Personal Pension 

Concern grows over fix for pension freedom tax ‘loophole’

A number of pension providers have expressed concern to FTAdviser that government plans to close a tax ‘loophole’ created by new pension freedoms could introduce unnecessary complexity into the system and undermine the principle of simplifying access to pension savings.

New rules to confirm plans announced in the Budget to liberalise pensions and allow savers complete access to their savings on retirement are widely expected to be published on Monday (21 July), ahead of parliament rising for its summer recess on Tuesday.

An announcement in the Queen’s Speech earlier this year confirming the new rules would be part of the legislative agenda for the upcoming parliamentary session stated specifically that new measures would be brought in to address potential tax avoidance under the new regime.

Concern centres on potential ‘recycling’ of income, whereby a saver could pay large contributions to their pensions up to the £40,000 annual limit and then encash their pot to get 25 per cent back tax free. Some providers have said that once a saver reaches age 55 this could even be done on an annual basis.

Martin Tilley, director of technical services at Dentons Pensions Management, said: “Currently rules are in place to prevent recycling tax free cash but not income. This is an obvious anomaly that needs to be closed.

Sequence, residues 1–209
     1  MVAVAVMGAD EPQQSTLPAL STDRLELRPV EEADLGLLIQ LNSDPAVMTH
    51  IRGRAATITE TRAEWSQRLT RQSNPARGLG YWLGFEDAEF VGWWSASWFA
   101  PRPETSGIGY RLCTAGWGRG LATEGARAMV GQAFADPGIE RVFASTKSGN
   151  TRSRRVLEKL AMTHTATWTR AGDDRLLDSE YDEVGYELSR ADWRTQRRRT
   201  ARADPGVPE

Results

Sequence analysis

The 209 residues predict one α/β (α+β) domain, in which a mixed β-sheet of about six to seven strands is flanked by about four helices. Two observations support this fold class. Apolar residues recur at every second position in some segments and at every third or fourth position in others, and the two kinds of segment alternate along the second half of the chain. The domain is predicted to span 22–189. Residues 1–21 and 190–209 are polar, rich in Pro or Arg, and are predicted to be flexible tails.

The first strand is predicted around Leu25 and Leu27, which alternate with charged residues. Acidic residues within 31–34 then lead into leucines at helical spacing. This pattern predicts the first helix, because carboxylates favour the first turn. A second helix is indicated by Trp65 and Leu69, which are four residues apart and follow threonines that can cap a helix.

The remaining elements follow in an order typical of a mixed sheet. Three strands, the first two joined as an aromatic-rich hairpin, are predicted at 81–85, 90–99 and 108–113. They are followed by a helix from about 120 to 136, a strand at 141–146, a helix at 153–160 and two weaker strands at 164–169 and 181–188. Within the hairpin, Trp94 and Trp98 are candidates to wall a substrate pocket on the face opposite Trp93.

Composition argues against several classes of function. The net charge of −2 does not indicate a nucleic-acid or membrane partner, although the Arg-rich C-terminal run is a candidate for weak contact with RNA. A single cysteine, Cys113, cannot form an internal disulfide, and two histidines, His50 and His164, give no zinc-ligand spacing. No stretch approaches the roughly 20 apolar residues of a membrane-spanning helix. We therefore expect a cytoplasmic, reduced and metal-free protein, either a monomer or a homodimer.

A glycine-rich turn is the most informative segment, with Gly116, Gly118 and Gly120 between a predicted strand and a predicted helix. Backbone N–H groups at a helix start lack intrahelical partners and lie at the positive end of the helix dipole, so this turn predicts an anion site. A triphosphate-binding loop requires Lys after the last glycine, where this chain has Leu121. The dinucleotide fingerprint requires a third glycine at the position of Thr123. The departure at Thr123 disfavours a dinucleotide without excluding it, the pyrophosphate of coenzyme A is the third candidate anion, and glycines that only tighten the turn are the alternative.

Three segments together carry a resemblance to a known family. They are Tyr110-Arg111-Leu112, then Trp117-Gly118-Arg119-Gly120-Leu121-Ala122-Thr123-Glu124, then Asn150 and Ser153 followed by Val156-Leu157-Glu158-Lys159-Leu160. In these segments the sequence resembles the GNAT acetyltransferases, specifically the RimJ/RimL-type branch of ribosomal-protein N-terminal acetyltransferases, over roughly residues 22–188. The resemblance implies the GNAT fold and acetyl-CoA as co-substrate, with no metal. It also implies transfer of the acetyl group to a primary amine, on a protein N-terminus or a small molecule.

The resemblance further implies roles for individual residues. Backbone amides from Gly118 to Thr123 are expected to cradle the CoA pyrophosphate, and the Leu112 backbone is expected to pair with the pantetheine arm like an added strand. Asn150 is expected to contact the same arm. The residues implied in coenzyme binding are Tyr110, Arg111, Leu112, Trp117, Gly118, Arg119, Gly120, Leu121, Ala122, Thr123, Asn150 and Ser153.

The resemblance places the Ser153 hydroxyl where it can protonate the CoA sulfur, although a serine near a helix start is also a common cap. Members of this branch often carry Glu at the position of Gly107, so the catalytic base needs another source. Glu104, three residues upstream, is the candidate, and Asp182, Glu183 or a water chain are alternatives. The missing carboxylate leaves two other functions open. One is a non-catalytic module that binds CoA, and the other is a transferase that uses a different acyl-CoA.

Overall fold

“Also it is possible to take your 25 per cent of pension contribution out of the tax environment. Both loopholes cause potential problems for the Treasury.

“People may be planning to take cash as a lump sum in April 2015. There’s no anti-avoidance measure yet, but it may come in April which will have an impact on people who’ve paid a big contribution in now.”

Mr Tilley said that the reason the government has not yet issued any indication of what the measures will be is because there is no simple answer, and he expressed concern over potential complexity that could be introduced in order to close to loophole.

He said: “I’m worried that when we do get an answer it will be very complicated.”

Neil MacGillivray, chairman at the Association of Member-Directed Pension Schemes, said: “The Treasury is aware of it and they’ve made it quite clear they will take steps to stop that happening so people can’t make a quick buck by putting money in their pension and take it out again.

“They’ve got a problem [but] I think the answer is they don’t how they are going to [fix] it. They have looked at various methods but again our issue is that it has got to be something straightforward, we don’t want long, complex legislation but we do accept that it is one of the big issues that they have.

“We’ve raised it with the Treasury and we didn’t need have to raise it with them because that is the first thing they said ‘we are aware that this is one of the key problems’.”

Claire Trott, head of technical support at Talbot and Muir, warned in a worst case scenario, the government will choose to mirror the measures already in place for flexible drawdown and remove tax relief.